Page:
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Amy Grotta's Tree Topics
Serving small woodland owners and managers in the Willamette Valley and northwest Oregon
Updated: 4 days 10 hours ago
By Amy Grotta, OSU Forestry & Natural Resources Extension, Columbia, Washington & Yamhill Counties, and Paul Wilson & Linda Farris, Columbia County Master Woodland ManagersFlowering currant seedlings awaiting transplant. Photo: Paul Wilson
When Paul Wilson and Linda Farris bought their small property about 10 years ago, it was a reforestation failure. But they have succeeded in beating back immense Scotch broom and other invasives and have planted a diverse mix of trees. Not stopping there, they continue adding diversity by releasing native shrubs that don’t get in the way of their planted trees, and by planting more native shrubs and herbaceous plants to occupy gaps where the invasives used to be.
Paul and Linda propagate most of their own plants from seed and cuttings, having learned over time what methods work for different species. They shared their experience on a recent Twilight Tour, and afterwards agreed to write up and share their propagation tips (in the rest of this article). Thank you Paul and Linda. If you want to try your hand at this, fall is a good time to start.
How to take cuttings (adapted from Washington Native Plant Society guidelines):
We use a very low-tech approach to propagate dormant deciduous native shrubs which come readily from cuttings. By taking cuttings after the leaves have fallen, the cuttings focus on developing roots and require little care.
Use sharp pruning shears. Clean shears with rubbing alcohol or a 10% bleach solution (one part bleach to nine parts water).
Select young straight shoots about the diameter of a pencil (except trailing snowberry, which can be thinner). Collect long branches– you will be dividing them into individual cuttings later. Cut just above a leaf node. As you collect, put the cuttings in a plastic bag or the ends in a bucket of water, and keep them cool, moist, and out of direct sunlight.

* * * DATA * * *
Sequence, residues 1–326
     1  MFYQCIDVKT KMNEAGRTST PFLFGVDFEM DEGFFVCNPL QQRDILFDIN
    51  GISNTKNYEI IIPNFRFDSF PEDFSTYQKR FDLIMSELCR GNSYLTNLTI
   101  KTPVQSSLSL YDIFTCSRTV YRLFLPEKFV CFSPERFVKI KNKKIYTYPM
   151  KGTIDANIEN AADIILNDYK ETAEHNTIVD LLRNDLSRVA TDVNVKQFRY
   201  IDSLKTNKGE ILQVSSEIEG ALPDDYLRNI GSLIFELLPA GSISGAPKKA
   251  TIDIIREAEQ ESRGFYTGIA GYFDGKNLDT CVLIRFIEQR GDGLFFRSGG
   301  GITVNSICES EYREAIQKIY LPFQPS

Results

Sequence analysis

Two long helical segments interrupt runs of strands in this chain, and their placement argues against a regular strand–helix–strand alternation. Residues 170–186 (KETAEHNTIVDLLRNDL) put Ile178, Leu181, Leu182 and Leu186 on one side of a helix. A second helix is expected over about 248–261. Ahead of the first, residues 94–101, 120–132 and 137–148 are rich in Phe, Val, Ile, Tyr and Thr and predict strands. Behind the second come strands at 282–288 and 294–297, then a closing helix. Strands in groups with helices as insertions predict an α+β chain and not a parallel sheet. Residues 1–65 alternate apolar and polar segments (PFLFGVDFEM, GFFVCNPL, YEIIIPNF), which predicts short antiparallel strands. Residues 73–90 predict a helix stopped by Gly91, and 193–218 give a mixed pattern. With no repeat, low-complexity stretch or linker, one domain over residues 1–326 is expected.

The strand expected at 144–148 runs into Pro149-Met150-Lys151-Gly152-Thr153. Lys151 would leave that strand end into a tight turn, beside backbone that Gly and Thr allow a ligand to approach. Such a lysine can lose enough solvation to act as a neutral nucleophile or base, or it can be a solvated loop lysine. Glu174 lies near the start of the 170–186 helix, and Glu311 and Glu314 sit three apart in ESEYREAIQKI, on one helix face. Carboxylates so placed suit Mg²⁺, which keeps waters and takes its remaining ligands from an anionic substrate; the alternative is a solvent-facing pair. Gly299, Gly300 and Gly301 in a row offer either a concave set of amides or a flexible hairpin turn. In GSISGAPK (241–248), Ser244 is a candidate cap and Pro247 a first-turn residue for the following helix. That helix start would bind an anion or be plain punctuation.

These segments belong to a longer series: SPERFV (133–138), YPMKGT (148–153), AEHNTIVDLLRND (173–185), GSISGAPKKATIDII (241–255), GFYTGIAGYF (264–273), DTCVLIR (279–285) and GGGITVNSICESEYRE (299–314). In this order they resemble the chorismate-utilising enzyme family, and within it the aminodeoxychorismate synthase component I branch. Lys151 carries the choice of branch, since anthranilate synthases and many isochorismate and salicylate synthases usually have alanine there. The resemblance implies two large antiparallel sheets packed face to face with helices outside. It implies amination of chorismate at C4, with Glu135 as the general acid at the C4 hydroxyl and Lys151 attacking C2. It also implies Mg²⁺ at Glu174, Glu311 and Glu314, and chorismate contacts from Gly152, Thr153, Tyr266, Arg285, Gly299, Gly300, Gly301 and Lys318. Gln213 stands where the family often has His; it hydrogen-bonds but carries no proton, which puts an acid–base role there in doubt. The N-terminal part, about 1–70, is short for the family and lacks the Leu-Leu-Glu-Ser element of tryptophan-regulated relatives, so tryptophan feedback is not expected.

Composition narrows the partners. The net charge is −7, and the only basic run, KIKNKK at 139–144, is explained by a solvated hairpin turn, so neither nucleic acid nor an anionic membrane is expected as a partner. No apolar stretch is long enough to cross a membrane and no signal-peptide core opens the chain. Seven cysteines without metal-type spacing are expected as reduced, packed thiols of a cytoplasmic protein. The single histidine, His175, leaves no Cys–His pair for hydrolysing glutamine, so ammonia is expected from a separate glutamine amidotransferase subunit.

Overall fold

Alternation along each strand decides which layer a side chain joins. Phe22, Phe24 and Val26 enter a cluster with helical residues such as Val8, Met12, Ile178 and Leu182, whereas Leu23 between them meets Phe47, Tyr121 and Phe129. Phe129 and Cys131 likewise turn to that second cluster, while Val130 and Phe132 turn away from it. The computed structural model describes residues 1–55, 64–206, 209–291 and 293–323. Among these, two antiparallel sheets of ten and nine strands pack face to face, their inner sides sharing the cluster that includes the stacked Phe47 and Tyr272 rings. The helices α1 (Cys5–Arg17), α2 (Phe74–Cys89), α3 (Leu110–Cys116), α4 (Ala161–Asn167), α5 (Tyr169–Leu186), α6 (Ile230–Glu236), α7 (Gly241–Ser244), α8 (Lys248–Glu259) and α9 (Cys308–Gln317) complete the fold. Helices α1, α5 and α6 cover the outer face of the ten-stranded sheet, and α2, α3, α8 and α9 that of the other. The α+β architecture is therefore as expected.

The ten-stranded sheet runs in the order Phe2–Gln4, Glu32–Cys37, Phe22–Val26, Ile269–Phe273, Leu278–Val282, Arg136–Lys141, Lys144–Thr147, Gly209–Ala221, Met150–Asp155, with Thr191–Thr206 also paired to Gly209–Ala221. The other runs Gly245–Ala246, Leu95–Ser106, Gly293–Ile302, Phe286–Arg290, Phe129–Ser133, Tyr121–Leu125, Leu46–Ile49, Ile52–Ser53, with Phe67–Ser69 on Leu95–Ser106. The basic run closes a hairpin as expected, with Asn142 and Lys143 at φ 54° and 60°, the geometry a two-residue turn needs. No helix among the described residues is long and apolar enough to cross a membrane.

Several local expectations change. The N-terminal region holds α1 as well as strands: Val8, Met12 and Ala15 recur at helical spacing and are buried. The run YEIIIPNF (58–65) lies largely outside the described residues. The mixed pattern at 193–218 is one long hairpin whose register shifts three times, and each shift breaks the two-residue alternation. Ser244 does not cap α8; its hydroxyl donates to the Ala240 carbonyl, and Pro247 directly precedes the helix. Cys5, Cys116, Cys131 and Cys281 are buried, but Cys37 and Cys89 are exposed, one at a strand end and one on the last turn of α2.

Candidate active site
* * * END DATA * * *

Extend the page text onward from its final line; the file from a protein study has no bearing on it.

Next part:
To prepare individual cuttings from the long branches, clean your shears again. Cut the branches into pieces long enough to have at least three or four leaf nodes (for most species, cuttings will be about six inches long). The end of the cutting closest to the roots (the “bottom”) should be cut at a 45° angle just below a node. To not confuse the bottom with the top of the cutting (essential), cut the top at a right angle (straight across) slightly above a node.
While not essential, for some species success is improved by dipping the bottom (angled) end of the cutting in rooting hormone (Rootone, Hormex and similar), tapping off the excess.
Fill a pot (we use 1 gal. pots or treepots depending on the length of the cutting) with an unfertilized fast-draining soil mix (and in many cases perlite, sharp sand or vermiculite alone will work but cuttings need soil after rooting). Poke holes in the soil with a stick a bit larger than the cutting diameter, insert cuttings with at least 2 nodes in soil and 1 or 2 nodes above soil level, tamp soil and water in. We put 5 cuttings of most species in a gallon pot.
Leave out all winter, protecting from slugs and deer in the spring. Wait until leaf growth unfurls and gently check for substantial root development. If you have leaves or roots but not the other reinsert the cutting and wait. Cuttings can be transplanted to a soil mix in a larger container, or transplanted into native soil. During a dry spring keep the rooting medium moist. During the following summer, supplemental water will improve survival and development.Paul and Linda’s plant nursery. Woody plants under the wire frame and herbaceous perennials in the foreground. Photo: Paul Wilson